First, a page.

• Genetic Counselor: Your doctor might suggest that you see a genetic counselor if you have a family history of a genetic condition or have had several miscarriages or infant deaths.

Other Concerns

Bleeding and Clotting Disorders: Bleeding and clotting disorders can cause serious problems during pregnancy, including miscarriage. If you have a bleeding or clotting disorder, talk with your doctor.

Disaster Safety for Expecting and New Parents: Learn general tips to get prepared before a disaster and what to do in case of a disaster to help keep you and your family safe and healthy.

Travel: If you are planning a trip within the country or internationally, talk to your doctor first. Travel might cause problems during pregnancy. Also, find out about the quality of medical care at your destination and during transit.

Violence and Pregnancy: Violence can lead to injury and death among women in any stage of life, including during pregnancy. Learn more about violence against women, and find out where to get help.

Things to Think About Before Baby Arrives

Breastfeeding: You and your baby gain many benefits from breastfeeding. Breast milk is easy to digest and has antibodies that can protect your baby from bacterial and viral infections.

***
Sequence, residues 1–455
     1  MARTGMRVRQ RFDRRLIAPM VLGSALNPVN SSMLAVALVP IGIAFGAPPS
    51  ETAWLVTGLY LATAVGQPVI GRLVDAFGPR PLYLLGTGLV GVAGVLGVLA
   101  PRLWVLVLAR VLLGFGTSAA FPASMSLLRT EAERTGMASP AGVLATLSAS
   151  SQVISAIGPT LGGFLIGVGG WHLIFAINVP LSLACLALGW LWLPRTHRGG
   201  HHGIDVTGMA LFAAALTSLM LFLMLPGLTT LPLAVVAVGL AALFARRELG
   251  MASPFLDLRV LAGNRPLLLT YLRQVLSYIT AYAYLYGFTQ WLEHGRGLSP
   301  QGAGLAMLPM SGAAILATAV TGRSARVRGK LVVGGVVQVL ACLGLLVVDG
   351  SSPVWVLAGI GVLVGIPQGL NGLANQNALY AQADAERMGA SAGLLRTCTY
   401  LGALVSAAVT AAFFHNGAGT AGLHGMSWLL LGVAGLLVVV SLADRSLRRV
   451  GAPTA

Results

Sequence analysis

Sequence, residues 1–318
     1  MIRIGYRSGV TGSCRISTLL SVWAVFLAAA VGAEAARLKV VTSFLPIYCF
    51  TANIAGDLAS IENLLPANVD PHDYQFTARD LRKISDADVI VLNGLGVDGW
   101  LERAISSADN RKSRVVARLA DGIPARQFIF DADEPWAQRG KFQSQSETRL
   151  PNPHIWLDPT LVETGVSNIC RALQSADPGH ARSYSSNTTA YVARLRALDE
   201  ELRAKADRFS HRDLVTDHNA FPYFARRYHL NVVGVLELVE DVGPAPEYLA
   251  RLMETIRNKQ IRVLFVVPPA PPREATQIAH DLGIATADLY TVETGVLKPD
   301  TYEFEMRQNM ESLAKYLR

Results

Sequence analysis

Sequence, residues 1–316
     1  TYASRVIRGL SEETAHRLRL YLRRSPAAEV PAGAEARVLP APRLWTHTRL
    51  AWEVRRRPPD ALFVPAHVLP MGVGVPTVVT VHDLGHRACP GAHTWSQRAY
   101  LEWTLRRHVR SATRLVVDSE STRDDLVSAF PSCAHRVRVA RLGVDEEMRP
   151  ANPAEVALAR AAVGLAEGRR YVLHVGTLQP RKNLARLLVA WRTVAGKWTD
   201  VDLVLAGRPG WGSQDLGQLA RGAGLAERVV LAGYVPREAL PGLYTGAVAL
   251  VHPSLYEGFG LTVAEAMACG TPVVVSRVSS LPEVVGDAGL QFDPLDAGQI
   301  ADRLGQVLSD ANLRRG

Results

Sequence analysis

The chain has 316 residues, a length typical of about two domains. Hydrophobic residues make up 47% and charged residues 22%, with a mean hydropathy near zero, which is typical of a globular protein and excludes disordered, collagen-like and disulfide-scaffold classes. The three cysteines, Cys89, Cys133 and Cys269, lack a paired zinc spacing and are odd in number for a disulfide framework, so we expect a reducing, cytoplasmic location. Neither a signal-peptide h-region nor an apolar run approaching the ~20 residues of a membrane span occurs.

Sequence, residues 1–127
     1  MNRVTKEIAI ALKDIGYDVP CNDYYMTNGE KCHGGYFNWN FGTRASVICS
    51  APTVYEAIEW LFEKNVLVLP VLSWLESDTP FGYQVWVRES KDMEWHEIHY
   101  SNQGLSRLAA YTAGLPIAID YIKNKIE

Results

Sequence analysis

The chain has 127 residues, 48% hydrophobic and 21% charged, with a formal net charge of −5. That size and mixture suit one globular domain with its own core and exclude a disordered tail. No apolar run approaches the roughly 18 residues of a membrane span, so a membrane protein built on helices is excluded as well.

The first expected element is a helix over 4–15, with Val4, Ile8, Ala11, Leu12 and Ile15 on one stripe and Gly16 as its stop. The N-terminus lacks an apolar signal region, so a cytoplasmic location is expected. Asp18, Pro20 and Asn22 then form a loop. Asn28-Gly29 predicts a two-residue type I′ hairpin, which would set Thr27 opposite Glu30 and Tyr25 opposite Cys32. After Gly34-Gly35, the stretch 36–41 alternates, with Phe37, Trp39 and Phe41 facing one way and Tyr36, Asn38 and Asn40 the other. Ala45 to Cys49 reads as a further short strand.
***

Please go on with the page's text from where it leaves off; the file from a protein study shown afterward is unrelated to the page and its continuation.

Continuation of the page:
Jaundice and Kernicterus: Jaundice can sometimes lead to brain damage in newborns. Before leaving the hospital, ask your doctor or nurse about a jaundice bilirubin test. If you think your baby has jaundice, call and visit your baby’s doctor right away.

Newborn Screening: Within 48 hours of your baby’s birth, a sample of blood is taken from a “heel stick,” and the blood is tested for treatable diseases. More than 98% of all children born in the United States are tested for these disorders.

Sudden Infant Death Syndrome (SIDS): Learn what parents and caregivers can do to help babies sleep safely and reduce the risk of sleep-related infant deaths, including SIDS.

Child Safety Seats: Motor vehicle crashes are the leading cause of death among children in the United States. But many of these deaths can be prevented. Placing your baby in age- and size-appropriate restraint system lowers the risk of serious and fatal injuries by more than half.

5. Avoid Toxic Substances and Environmental Contaminants

Avoid harmful chemicals, environmental contaminants, and other toxic substances such as synthetic chemicals, metals, fertilizer, bug spray, and cat or rodent feces around the home and in the workplace. These substances can hurt the reproductive systems of men and women. They can make it more difficult to get pregnant. Exposure to even small amounts during pregnancy, infancy, childhood, or puberty can lead to diseases. Learn how to protect yourself and your loved ones from toxic substances at work and at home.